Now six films deep, the original Rocky is still regarded as the best of the series. Sylvester Stallone, a virtual unknown at the time, wrote the screenplay and starred as the eponymous Rocky Balboa, an underachieving Philadelphia boxer who works as a debt collector on the side. He is poorly educated and fights in dimly light venues, often bringing in just a small cut of the gate revenue. Little does he know it, but Balboa is about to get the biggest break of his life.

Undefeated world heavyweight champion Apollo Creed (Carl Weathers), a flamboyant and cocky star, is coming into town for a championship bout on New Year’s Day 1976, the year of the U.S. Bicentennial. After his opponent becomes injured, Creed comes up with the idea of giving a local fighter a shot at his title. While scouring through names of those in the city, he stumbles upon the “Italian Stallion” — Rocky Balboa. It’s as if you can see the light bulb and/or dollar signs appear over Apollo’s head. This is his man.

Aided by his friend Paulie (Burt Young), his quiet-and-reserved girlfriend Adrien (Talia Shire) and his trainer Mickey (Burgess Meredith), Rocky begins training for a fight he never expected to have. Hell, Rocky doesn’t even think he can beat Apollo — he just wants to go the distance (something never accomplished against the champion).

Rocky [1976]

At its core, Rocky (the film) is a terrific underdog story. This is the stuff small-time and aspiring boxers (and other athletes) dream of — to break through and get their big moment. In a way, it is a glimpse at the American Dream, working hard to catch that big break. Of course, in Rocky’s case it was dumb luck (or rather, a catchy nickname) that got him his title match, but the sentiment is the same.

While pop culture has somewhat diluted the story of Rocky over the years, the fact remains that this is still an uplifting film. It is presented in a way that is very easy to digest, and the movie is one that most will be able to relate to. The fact that this was selected as Best Picture winner over several other greats such as Taxi Driver, All the President’s Men and Network, runs parallel to the film’s underdog story. With a classic rags-to-riches story, strong action scenes and an unforgettable soundtrack, Rocky is still enjoyable today.


Movie Project #17: Annie Hall [1977]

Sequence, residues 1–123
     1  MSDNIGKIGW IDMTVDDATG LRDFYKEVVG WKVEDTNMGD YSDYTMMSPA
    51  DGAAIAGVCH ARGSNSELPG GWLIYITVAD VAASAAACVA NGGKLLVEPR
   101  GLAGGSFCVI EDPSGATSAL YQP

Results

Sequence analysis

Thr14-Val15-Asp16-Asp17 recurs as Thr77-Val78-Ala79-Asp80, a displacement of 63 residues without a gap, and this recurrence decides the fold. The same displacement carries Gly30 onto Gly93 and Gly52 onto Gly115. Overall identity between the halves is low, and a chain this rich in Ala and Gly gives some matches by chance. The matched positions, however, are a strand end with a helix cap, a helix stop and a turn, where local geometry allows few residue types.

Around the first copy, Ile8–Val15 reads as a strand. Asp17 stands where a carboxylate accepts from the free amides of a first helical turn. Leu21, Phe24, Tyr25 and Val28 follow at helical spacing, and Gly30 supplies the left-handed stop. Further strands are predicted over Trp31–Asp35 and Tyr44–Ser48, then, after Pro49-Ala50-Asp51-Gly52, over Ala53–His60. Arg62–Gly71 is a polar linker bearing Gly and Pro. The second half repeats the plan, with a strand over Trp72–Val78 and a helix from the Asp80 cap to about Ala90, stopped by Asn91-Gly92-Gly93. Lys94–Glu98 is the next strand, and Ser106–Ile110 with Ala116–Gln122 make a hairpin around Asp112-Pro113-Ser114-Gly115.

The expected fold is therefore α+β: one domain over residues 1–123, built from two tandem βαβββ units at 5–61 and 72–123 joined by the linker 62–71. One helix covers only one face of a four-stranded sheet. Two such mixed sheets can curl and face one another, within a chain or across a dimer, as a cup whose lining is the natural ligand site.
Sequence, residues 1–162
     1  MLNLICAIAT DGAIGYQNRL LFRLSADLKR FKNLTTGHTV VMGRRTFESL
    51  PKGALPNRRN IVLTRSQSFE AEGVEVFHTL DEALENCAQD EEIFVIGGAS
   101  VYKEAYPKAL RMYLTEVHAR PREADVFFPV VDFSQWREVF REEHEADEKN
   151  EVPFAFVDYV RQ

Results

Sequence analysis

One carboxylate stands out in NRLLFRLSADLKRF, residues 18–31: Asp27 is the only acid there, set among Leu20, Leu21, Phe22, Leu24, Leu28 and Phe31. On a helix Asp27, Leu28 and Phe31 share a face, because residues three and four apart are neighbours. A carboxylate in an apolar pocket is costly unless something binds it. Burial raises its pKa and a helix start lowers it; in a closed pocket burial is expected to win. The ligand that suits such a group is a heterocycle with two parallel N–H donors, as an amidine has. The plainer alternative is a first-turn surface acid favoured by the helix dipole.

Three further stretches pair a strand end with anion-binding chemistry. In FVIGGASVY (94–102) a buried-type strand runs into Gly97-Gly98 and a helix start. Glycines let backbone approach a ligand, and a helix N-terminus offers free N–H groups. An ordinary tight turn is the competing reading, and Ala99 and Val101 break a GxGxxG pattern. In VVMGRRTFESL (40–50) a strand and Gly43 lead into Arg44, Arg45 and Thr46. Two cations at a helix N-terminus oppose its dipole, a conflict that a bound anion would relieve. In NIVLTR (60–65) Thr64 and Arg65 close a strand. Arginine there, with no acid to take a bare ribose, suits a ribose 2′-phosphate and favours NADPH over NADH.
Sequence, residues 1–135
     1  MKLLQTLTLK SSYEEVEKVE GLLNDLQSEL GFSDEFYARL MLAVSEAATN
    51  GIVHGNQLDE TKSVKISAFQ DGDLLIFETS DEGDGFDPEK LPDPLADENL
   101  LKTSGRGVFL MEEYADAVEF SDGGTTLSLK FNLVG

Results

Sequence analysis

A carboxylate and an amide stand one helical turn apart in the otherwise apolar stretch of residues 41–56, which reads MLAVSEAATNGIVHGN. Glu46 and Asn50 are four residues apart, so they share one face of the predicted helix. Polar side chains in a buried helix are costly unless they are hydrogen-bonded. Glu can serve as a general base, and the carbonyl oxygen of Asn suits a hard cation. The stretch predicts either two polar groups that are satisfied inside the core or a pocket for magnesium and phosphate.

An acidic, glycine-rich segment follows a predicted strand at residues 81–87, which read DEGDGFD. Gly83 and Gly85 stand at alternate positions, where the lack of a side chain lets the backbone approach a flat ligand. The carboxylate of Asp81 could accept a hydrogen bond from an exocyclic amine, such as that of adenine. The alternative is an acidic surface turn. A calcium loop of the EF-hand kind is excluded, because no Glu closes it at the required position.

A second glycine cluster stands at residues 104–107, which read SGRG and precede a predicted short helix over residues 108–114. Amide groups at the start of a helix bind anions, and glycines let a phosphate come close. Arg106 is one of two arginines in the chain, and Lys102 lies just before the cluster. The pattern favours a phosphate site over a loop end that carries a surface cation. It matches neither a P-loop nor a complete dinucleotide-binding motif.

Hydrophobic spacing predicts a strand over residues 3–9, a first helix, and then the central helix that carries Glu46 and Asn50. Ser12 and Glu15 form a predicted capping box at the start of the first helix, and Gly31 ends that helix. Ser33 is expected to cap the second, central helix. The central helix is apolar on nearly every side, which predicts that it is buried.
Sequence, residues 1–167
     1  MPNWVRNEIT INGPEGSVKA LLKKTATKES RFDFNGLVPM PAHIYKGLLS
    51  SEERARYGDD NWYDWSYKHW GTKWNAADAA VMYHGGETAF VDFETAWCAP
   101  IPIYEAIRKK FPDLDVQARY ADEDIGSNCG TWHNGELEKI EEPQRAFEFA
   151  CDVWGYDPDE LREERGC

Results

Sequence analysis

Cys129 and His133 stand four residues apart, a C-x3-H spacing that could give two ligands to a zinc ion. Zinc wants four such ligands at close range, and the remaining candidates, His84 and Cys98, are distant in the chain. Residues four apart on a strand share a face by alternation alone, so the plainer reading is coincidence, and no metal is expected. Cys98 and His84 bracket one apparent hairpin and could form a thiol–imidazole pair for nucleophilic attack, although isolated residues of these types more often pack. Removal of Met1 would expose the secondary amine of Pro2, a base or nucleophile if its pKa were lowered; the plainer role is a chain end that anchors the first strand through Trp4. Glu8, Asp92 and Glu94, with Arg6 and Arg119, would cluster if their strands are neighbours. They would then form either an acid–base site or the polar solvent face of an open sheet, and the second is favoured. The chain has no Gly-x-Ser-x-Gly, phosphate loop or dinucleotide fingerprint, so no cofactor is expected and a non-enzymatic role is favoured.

The 50 Movies Project is a personal “marathon” of mine. In June, I compiled a list of 50 movies that I felt I needed to see by the end of the year. Old, new, foreign, English — it doesn’t matter. These are all movies that I have heard a lot about and have been wanting to see for some time. This project gives me a way to stay focused on the goal.

Annie Hall [1977]

Annie Hall [1977]
Directors: Woody Allen
Genre: Comedy/Drama/Romance
Language: English
Country: USA

Why I Chose This:
Woody Allen has 40+ movies to his name, yet I have only seen a few of his most recent films. What better way to dig deeper into his filmography than to start with 1977’s Best Picture Oscar winner?

What It’s About:
Woody Allen stars as Alvy Singer, a neurotic comedian in New York City who struggles to maintain a relationship with his scatterbrained lover, Annie Hall (Diane Keaton). The movie follows the tumultuous relationship over the course of the 1970s.

What I Liked:
The New York setting. One thing I have noticed with Woody Allen movies is that the man knows how to make great use of cities. New York is the perfect backdrop for Alvy and Annie’s up-and-down relationship.

The breaking of the fourth wall. I loved how Alvy would randomly start talking to the camera to explain certain things happening on screen. I also enjoyed the random visual changes, such as the inexplicable transition to cartoon animation for a brief scene.

Annie Hall [1977]

Some truly classic lines.
“Hey, don’t knock masturbation. It’s sex with someone I love.”
“I don’t want to live in a city where the only cultural advantage is that you can make a right turn on a red light.”
“Honey, there’s a spider in your bathroom the size of a Buick.”

Brief cameos from Christopher Walken and Jeff Goldblum. Both guys are in blink-and-you’ll-miss-it roles, but both are amusing.

What I Didn’t Like:
Some of the rapid fire dialogue felt forced. This is a film that focuses heavily on talking, and rarely slows down enough to catch its breath. While I found myself laughing at some of Alvy’s wisecracks, there were just as many that fell flat.

Alvy Singer. Allen’s character’s full-of-himself shtick became grating as the movie progressed. He found a way to complain about EVERYTHING, with these quips only sometimes being amusing. He wasn’t as enjoyable as neurotic characters like, say, George Costanza on Seinfeld or Larry David on Curb Your Enthusiasm.

My Verdict:
It’s a bit startling to think that this beat out Star Wars for Best Picture (though I am not a huge fan of that either). I like Annie Hall, but I feel like the film lacks the same punch it had upon its initial release. The movie has obviously been influential — I had no idea this is where the aforementioned masturbation line came from — and I enjoyed it more than the recent Allen films I have seen, but it didn’t resonate with me in the way it seemingly has for others. Woody Allen sure has a distinct style, though, doesn’t he?


* I would love to hear your thoughts on this new “review” format. I will only be using it for Movie Project posts, but I feel it works better for some of these older titles. What do you think?